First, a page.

His partners on stage, the musicians, maintain a constant presence as if observing through ocean swells, seamlessly pouring forth music, and stepping forward for songs. Banjo player Kevin Kniebel is lead singer for the trio. He and fiddle player Nate Sipe compose two-fifths of Minnesota-based folk group Pert Near Sandstone. Guitarist, mandolin player, and clog dancer Jim Parker also has Minnesota roots. Their music in Ishmael offers smooth harmonies and yearning voices at one with story.

Sarah Bahr's design for the set establishes the spare environment of wood and rope that surrounds the men at sea, with a white sail dropped down when called for, and Father Mapple's pulpit doubling as a casket that serves a critical purpose. The costumes are straight 1840s, with Ishmael starting out as a city-bred adventure seeker, while the musicians have been living on the land. The sound by Sean Healey provides the roar of the sea and wind, while Bill Healey's lighting draws the story in and out of harm's way.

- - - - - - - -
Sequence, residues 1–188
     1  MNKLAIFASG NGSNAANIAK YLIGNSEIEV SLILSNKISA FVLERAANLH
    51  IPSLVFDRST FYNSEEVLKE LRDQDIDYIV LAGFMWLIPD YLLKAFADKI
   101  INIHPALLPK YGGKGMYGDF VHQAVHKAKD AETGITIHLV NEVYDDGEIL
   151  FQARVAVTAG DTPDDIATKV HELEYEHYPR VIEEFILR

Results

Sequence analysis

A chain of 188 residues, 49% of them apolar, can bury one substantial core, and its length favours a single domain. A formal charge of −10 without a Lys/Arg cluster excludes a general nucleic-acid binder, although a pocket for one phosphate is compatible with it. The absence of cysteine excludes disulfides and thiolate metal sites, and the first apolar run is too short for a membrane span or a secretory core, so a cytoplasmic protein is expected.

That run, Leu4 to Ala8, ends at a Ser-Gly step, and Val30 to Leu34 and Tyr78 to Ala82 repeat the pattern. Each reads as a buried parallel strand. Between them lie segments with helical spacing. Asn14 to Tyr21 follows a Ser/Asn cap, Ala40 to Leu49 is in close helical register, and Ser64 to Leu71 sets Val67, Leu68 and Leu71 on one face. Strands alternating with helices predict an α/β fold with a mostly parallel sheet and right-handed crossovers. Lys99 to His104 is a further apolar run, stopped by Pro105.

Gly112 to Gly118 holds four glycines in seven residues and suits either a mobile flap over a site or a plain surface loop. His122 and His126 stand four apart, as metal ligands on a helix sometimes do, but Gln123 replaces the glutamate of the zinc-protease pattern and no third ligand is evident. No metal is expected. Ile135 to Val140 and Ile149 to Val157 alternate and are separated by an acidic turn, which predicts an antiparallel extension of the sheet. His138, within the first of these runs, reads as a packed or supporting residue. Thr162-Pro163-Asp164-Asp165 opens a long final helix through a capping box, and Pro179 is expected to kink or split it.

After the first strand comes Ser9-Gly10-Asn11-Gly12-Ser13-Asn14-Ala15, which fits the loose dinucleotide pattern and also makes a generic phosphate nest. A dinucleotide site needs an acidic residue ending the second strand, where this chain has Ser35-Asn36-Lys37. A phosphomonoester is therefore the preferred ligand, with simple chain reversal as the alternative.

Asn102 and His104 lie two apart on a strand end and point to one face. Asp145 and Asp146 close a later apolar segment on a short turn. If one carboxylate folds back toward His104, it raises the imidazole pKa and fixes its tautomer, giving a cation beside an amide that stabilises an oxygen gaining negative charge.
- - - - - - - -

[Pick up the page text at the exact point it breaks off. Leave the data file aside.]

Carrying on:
Anyone looking for a complete retelling of Melville's novel will mark the absence of many characters and incidents. In "Moby Dick," the Pequod meets up with other ships at sea nine times—gams, as such meetings on open waters are called. In Ishmael, only one such meeting occurs, with the ship Rachel, but serves as indicator of Ahab's fevered loss of all reason, and of his humanity, driven as he is by the hunt for his whale. Similarly, all the markers that turn the narrative one way or another are in place, though the passages between are greatly thinned out. The result turns the massive, full-bodied work of the novelist that creates its own universe into a straight-ahead story brought to life by the passionate storyteller who, alone, knows both its beginning and its end. This gripping production gives us a great yarn, and makes for good theater.